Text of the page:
Since soured beers were rare, they could demand a higher price. Also, since the publican or brewer had to sit on the investment (the cask) instead of quickly selling it to buy more beer to sell to their patrons, it demanded a higher return to make the aging a profitable market. Since us working stiffs couldn’t afford to buy aged beer all the time, publicans would offer several products. Young beer would be sold cheapest; aged beer would be the most expensive. In the middle were blended products that combined the flavor of the old beer with the sweetness of the new beer.

This process is still continued by some of the Irish Stout producers. Guinness, for example, sours a portion of the wort to give the stout that bitter taste. I’m not entirely sure why porters developed a craze for old beer, but it did. Then porter died off, replaced by the next fad. This process of aging beer probably employed more than just porter. I also suspect that publicans blended whatever they could get their hands on. Pale Ale and Stout? A black and tan! So on and so forth. The Belgians picked up this concept and have used it to give us gueuze, oud bruins, and probably some other stuff I’ve never heard of. One important difference is that English blending often occurred in the pub (like ordering a black and tan at a bar), while Belgians took to blending both in the pubs and in the bottle.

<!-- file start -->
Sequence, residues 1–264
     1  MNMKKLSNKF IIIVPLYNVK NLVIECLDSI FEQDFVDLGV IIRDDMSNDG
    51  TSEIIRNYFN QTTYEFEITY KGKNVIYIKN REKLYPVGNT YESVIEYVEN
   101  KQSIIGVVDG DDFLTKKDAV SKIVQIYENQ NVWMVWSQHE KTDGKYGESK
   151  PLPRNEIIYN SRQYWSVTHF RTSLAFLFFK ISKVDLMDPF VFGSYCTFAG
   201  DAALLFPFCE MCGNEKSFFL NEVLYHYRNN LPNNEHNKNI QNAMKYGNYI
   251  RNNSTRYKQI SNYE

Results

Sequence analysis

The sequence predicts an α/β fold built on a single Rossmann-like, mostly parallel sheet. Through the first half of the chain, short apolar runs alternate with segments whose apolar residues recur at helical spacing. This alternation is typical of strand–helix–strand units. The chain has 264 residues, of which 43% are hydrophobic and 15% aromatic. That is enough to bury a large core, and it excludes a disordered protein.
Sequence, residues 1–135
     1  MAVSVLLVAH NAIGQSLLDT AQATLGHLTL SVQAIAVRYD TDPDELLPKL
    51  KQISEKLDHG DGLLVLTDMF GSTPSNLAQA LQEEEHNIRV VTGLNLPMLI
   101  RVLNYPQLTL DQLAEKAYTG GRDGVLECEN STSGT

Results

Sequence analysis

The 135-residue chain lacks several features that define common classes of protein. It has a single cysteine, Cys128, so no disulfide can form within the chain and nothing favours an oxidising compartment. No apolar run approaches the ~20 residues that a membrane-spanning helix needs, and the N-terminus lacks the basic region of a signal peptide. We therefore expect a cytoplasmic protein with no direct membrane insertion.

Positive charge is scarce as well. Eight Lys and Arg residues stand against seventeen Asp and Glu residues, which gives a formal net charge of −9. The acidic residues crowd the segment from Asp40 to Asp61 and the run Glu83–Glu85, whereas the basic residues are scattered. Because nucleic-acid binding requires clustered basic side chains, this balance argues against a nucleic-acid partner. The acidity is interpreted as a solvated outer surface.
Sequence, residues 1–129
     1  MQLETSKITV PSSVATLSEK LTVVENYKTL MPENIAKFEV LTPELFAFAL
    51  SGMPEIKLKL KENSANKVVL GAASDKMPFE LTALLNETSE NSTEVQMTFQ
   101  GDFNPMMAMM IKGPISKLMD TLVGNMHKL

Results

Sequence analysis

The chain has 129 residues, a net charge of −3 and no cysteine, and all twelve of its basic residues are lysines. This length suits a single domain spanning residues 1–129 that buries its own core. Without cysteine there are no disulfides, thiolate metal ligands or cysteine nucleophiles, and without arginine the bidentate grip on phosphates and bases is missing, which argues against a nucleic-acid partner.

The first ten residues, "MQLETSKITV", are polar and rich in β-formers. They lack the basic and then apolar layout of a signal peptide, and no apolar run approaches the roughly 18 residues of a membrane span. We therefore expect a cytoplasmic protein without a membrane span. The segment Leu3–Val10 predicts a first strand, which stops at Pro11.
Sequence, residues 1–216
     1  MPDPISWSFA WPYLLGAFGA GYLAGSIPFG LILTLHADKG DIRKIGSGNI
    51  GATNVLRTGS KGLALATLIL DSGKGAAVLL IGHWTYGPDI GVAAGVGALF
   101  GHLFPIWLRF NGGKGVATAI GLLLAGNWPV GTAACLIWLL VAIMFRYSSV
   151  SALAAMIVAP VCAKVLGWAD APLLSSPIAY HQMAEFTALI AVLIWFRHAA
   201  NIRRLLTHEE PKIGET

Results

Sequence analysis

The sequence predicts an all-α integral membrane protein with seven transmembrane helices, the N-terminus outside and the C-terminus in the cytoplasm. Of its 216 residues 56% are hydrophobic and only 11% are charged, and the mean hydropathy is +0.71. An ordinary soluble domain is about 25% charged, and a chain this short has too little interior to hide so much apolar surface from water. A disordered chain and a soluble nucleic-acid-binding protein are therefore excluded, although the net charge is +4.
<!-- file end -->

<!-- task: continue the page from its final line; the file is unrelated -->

While I’m not necessarily interested here in discussing the intricacies of Belgian blending practices, it is worth pointing out that any time you bottle (or cask, keg, etc.) a beer with brett and associated bacteria with beer fermented with only saccharomyces eventually brett & co. will eat up whatever is left over time, giving the beer a more sour/tart flavor as it stays in the bottle. The significance for this purpose will be to try to diminish brett from taking over in the bottle and making the final oud bruin product more sour than preferred.

Building the Concept